Conservatives, by definition, are always playing black in the chess game of life (when, one wonders, are the “wokerati” going to go after that?), forced to react to whatever moves white makes as the game opens and develops. Similarly, the right is always drawing lines in the sand—this far, and no farther—but is consistently unable to defend the boundaries it has set and gets rolled over time and again.

Occasionally, there are a few victories, but for the most part, the history of modern America has been a long, slow slide to the left. There is too much dike to defend and too many holes already punched in it: no wonder the left feels so triumphal right about now. With just a handful of seats giving them control of both houses of Congress, they might as well have a mandate.

The GOP has, from time to time, tried to fight back, but it rarely chooses its battlefields wisely. One wing of the party still chants the mantras of the “free trade” (goodbye, jobs for high school grads), “private companies” (hello, international behemoth cartels such as Amazon and Facebook), “low taxes” (Amazon chief Jeff Bezos’s net worth: $196 billion), and other quaint maxims from when Milton Friedman was a pup.

And so, jobs vanish once more (Trump had brought many of them back), the middle class is crushed by income taxes as the tech moguls’ fortunes grow, and China laughs all the way to the World Bank as its slaves churn out an unending array of cheap plastic amusements, so that everyone can fiddle on PlayStation or Guitar Hero while the United States burns.

New Economic Model

Therefore, Step 3: Understand that a new economic model is needed for a new era. Break up the tech companies before they swallow the country whole and regurgitate it into China’s lap. The 19th-century robber barons at least left behind infrastructure in the form of railroads and the towns and cities that sprang up alongside them. Of what use will your iPhone be a century hence?
Reform the tax code away from penalizing income (an outmoded, frankly Marxist view of wages left over from the must-repeal 16th Amendment) to some sort of consumption tax—the more you buy, the more tax you pay; frugality is thus rewarded. Institute a kind of percentage-based inherited wealth tax on the super-rich who have benefited more than anyone from the U.S. economic system and the liberties that attend it.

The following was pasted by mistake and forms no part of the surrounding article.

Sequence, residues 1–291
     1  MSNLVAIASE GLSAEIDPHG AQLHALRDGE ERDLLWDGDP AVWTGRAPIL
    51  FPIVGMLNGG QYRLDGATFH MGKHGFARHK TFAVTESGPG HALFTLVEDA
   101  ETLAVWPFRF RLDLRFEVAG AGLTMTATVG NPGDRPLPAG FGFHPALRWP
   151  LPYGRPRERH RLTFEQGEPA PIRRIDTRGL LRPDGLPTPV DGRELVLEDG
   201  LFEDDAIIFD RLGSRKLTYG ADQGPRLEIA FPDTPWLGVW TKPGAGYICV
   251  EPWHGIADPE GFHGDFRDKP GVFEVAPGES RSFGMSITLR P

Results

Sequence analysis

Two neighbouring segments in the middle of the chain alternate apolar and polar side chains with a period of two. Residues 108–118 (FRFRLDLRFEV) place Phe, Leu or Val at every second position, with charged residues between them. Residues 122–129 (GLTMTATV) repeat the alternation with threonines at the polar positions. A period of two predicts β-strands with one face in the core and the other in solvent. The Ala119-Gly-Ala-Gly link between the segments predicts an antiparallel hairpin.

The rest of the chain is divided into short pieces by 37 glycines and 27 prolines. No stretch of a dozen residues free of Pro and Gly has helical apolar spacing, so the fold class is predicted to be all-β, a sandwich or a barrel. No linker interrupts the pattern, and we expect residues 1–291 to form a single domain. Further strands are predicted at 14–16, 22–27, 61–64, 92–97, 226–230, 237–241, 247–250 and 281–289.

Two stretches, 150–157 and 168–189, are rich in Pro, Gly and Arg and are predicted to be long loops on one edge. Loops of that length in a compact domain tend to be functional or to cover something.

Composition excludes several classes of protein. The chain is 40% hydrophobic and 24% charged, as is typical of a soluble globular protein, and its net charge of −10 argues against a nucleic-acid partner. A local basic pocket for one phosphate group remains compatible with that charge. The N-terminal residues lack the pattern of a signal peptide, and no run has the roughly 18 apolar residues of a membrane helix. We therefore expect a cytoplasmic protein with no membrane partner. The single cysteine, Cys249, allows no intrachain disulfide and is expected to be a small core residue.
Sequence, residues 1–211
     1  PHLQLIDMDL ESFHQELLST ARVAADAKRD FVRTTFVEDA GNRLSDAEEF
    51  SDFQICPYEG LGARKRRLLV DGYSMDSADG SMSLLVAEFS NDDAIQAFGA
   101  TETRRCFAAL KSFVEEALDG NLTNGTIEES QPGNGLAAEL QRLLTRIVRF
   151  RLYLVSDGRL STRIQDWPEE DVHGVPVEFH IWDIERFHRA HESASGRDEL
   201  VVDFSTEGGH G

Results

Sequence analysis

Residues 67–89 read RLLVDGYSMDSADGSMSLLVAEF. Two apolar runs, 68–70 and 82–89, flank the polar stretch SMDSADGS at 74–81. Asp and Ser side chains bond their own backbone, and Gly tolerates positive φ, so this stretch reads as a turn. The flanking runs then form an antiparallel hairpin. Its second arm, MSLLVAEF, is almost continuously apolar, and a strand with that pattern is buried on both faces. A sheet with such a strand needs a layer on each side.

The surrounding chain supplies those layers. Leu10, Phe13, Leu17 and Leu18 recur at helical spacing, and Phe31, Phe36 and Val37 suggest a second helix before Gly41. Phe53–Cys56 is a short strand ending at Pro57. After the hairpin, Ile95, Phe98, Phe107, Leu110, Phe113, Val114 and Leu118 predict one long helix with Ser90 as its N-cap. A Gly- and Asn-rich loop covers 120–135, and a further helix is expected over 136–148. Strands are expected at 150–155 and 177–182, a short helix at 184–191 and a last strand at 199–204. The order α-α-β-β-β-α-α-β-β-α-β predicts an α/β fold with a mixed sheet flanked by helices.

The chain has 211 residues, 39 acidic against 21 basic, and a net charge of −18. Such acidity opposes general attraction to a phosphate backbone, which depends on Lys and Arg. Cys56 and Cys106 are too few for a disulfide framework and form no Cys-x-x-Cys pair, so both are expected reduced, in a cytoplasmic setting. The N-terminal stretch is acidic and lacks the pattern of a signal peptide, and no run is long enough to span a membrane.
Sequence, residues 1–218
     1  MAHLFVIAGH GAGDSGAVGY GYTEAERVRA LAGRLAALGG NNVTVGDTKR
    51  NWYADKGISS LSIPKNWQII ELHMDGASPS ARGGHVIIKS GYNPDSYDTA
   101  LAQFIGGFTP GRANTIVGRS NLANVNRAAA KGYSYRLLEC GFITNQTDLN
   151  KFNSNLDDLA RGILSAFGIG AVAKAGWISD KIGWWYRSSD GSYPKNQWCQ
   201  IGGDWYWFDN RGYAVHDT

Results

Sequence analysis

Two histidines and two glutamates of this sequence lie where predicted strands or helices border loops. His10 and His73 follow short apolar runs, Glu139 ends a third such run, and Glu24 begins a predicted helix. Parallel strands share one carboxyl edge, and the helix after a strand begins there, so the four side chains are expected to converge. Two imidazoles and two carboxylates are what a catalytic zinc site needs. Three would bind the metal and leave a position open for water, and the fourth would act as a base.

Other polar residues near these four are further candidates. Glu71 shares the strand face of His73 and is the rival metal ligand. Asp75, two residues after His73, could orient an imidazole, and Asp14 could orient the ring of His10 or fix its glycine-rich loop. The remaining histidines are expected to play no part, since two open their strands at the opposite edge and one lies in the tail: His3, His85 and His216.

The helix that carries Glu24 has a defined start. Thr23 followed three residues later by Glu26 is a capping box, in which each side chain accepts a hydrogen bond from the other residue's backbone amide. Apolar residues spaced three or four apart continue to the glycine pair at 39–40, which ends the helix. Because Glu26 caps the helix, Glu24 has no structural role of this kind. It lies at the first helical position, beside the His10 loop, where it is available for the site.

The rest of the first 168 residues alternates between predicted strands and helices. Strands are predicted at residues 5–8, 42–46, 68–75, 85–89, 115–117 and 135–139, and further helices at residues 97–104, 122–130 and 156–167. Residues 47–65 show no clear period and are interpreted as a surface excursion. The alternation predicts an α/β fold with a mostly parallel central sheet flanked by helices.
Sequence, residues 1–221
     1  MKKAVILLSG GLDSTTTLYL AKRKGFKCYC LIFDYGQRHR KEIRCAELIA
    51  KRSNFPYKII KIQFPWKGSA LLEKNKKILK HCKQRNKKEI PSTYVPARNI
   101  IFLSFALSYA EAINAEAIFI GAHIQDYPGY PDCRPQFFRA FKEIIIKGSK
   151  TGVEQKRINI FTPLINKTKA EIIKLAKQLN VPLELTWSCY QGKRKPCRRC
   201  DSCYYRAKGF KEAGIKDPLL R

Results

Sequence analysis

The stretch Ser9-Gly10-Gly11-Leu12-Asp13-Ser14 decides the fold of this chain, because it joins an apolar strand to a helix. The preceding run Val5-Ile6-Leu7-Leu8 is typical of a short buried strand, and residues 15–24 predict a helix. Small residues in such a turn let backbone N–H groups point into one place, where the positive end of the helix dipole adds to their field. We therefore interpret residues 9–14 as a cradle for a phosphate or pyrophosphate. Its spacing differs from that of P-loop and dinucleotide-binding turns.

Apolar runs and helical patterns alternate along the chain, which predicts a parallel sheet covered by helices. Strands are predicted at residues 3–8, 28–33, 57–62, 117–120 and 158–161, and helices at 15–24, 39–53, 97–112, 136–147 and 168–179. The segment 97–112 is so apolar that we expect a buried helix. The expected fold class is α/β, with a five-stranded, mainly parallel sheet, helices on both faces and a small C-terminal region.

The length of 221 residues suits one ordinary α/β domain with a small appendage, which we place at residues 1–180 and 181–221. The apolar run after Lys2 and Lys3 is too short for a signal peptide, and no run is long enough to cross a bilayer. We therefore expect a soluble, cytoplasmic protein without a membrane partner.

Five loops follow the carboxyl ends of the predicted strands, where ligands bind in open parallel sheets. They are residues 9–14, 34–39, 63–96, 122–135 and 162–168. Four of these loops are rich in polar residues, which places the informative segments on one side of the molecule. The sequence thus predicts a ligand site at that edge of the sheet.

And while we’re at it, strip both the elite private universities (Harvard’s current endowment: $41 billion) and the churches and other religious institutions of their tax-free status, in part to stop them from gobbling up block after block of prime real estate in America’s major cities and then taking it off the tax rolls.

Republican protestations about the American Dream are laughable when, as everyone can plainly see, that dream is more threatened than ever. The toxic combination of state capitalism/fascism of the Chinese model, currently being engineered by members of both parties, and the hard-left cultural/social Marxism being enforced by obscenely wealthy enterprises and institutions will be the death of us if we don’t stop it—now.

Now, about that leader we need ...

Michael Walsh is the editor of The-Pipeline.org and the author of “The Devil’s Pleasure Palace” and “The Fiery Angel,” both published by Encounter Books. His latest book, “Last Stands,” a cultural study of military history from the Greeks to the Korean War, was recently published.
Views expressed in this article are opinions of the author and do not necessarily reflect the views of The Epoch Times.
Michael Walsh is the editor of The-Pipeline.org and the author of “The Devil’s Pleasure Palace” and “The Fiery Angel,” both published by Encounter Books. His latest book, “Last Stands,” a cultural study of military history from the Greeks to the Korean War, was recently published.